How To Not Ruin Your Relationship With Mountain Biking
My girlfriend is getting into mountain biking and every day is either a breakthrough-dance-on-the-tables success, or it’s a total disaster. The problem is that there is virtually no way to simultaneously try new trails and destinations, and at the same time predict if it’s going to be just the right incremental step up in difficulty. I try to keep it reasonable in length and technical ability, while still getting some scenery and new destinations on the roster, but man oh man does it stress me out to get it wrong. Is there a step by step guide to not ruining your relationship with mountain biking?
—Between a Rock And a Muddy Place
I feel for you. I’ve been in your shoes. And I’ve been in your girlfriend’s shoes. I only started mountain biking about 8 years ago, after a few haphazard attempts in my late 20s. I was very sure I hated mountain biking. I had a boyfriend a few years back who had a ranch in southern Washington. He was putting trails on the land for mountain biking. I’d go out and help build, because I loved the guy, but I really hated mountain biking. I tried to go out with him but most rides ended with me being either mad or frustrated or both. Eventually I just stopped trying, and we still went road riding together, but it didn’t last. A couple years ago I randomly ran into ex-boyfriend during a trip to Bend and I very much enjoyed shredding past him…on my hardtail singlespeed. He couldn’t even get near me as I hammered down the trail, carving beautiful serpentine curves in the dirt. My how things change.
How I got from hating mountain biking has everything to do with meeting another guy who made it very easy to mountain bike successfully. This guy was a 24-hour solo singlespeed racer. He was a FAST guy—very strong. But when we went riding he rode with me. He met me exactly where I was, didn’t offer unsolicited advice, and let me set the pace and distance markers. He saw my perfectionistic streak and wisely made it easy for me to feel successful. For the first time ever I started to actually like mountain biking. It didn’t take many rides before I fell in love—with mountain biking—and began to seek out more difficult trails and longer rides.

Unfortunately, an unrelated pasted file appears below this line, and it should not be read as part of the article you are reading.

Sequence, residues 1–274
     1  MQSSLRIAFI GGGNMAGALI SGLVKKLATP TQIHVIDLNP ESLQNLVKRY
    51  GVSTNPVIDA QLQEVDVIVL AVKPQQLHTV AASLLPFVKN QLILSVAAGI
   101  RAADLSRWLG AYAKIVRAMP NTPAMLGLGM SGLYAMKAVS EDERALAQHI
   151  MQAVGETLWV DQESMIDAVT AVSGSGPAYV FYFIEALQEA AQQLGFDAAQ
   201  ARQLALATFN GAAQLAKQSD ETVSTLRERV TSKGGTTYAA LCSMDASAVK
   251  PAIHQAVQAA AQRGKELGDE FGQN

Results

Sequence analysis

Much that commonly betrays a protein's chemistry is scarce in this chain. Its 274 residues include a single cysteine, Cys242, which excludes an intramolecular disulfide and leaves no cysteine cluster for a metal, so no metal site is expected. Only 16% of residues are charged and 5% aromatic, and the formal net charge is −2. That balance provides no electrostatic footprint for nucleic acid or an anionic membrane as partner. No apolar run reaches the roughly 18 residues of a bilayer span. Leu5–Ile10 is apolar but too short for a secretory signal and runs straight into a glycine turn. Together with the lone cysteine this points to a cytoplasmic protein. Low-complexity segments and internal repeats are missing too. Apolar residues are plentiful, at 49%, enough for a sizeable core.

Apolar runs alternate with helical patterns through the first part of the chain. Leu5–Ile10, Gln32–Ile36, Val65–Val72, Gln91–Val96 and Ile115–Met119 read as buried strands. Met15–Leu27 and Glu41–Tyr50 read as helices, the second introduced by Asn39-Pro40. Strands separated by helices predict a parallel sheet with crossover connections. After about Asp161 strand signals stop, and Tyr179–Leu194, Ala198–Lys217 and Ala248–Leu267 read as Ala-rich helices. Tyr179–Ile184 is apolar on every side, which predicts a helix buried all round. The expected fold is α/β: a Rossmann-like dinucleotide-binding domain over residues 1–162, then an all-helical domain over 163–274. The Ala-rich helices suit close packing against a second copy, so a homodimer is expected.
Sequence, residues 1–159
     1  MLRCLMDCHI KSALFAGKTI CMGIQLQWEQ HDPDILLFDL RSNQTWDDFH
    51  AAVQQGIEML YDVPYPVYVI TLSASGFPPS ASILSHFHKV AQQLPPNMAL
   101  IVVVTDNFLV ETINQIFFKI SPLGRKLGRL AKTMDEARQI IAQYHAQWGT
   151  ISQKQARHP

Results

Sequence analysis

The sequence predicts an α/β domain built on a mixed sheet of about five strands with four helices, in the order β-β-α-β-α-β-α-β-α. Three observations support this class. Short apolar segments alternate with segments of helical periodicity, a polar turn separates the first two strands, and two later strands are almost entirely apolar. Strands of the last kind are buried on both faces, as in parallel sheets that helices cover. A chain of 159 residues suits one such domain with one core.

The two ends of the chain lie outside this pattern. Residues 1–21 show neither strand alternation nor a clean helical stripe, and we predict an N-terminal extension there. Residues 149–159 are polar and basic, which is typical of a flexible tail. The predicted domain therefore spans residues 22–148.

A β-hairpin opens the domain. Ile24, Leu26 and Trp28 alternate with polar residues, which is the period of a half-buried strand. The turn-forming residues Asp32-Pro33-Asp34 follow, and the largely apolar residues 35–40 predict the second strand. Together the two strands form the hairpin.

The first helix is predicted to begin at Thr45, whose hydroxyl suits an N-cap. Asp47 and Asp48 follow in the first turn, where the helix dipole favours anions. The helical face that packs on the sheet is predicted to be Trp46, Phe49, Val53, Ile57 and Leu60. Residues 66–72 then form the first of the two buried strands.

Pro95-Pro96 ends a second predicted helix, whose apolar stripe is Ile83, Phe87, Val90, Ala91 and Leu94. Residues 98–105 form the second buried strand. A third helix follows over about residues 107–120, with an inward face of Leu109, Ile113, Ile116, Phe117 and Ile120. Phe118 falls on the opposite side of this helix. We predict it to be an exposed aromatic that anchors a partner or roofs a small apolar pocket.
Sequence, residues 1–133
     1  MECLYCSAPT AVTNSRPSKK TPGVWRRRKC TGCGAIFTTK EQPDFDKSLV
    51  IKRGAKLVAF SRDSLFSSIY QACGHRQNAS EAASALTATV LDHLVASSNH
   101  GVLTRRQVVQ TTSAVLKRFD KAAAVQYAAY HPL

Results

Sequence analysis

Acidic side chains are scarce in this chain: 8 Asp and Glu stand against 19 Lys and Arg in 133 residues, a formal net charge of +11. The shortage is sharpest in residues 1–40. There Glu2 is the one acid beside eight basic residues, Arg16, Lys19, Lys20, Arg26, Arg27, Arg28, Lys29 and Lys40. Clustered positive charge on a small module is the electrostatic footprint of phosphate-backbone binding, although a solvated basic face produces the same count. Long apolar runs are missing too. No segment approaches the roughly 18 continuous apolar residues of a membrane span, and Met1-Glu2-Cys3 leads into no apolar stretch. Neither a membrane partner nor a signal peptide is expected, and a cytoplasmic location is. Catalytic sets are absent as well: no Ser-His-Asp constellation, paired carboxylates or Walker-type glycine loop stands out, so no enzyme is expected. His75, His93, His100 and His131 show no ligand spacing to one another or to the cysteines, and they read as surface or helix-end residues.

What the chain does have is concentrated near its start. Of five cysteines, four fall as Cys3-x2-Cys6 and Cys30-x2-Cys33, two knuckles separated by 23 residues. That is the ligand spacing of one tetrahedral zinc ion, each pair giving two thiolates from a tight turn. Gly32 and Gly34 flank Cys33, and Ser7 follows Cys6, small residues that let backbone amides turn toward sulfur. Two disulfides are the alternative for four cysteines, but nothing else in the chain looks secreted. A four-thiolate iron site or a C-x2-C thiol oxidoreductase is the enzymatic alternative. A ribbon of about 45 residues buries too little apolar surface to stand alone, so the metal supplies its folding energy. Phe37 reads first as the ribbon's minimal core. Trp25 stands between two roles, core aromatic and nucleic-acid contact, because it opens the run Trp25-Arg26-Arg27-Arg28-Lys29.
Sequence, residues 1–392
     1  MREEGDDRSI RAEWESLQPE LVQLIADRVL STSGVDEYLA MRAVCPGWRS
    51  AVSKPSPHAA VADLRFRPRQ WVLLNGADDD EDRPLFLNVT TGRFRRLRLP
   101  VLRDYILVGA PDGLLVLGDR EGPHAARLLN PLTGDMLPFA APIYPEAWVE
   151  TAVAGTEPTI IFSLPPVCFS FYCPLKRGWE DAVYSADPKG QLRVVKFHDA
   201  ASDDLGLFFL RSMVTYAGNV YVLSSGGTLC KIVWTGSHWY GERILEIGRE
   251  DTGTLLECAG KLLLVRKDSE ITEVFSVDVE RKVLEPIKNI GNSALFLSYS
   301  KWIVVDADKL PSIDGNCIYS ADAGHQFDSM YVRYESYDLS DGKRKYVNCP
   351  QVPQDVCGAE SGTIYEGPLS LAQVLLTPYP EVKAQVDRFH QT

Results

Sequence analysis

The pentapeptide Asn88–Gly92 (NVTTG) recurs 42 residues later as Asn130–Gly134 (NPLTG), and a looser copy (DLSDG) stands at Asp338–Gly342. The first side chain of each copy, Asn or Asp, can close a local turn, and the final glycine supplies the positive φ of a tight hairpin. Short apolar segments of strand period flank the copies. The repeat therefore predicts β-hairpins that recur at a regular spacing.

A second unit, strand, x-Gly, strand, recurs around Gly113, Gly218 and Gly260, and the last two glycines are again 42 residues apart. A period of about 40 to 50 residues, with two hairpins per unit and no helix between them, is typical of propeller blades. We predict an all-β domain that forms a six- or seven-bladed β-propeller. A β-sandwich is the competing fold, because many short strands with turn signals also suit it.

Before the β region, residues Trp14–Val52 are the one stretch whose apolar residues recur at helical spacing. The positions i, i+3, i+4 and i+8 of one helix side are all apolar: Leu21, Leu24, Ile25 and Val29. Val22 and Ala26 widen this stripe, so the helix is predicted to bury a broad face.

Think back to when you were a beginner. Granted, it may have been 10, 20, 30 years or more. As we progress in skill and ability we sometimes lose sight of how thin the line is between fun and traumatic experience. Your idea of success and your girlfriend’s idea of it may be as vastly different as the theories of general relativity and quantum field theory. Both attempt to describe the physical universe, but they go about it in very different ways. Both theories are positively epic in their scope, but the difference lies in who is measuring the data and is it quantifiable or qualifiable or both?
To prevent your relationship from falling into a black hole no-win situation, I humbly offer the following for consideration:
1. Whiskey is your yoga.
Flasks of bourbon (or peppermint schnapps or brandy) can save your life. Seriously. Not only do these magical elixirs have instant calming anxiolytic properties, they also can be used as first aid in the event of the inevitable cuts and scrapes a rookie rider is bound to encounter. As with airline travel, it is best to put on your own oxygen mask—or in this case, take a pull of whiskey—before offering flask to others. This does two things: It offers you a spot of comfort so you can keep your cool, first, and it engages your mouth briefly, before you say something you might regret. For maximum conflict resolution, be sure flask is filled with your girlfriend’s drink of choice.A word of caution: While it may be tempting to become drunk or to get your girlfriend drunk while out riding, don’t. This is a contingency plan to be used on the battlefield of love and riding. Use strategically, not liberally.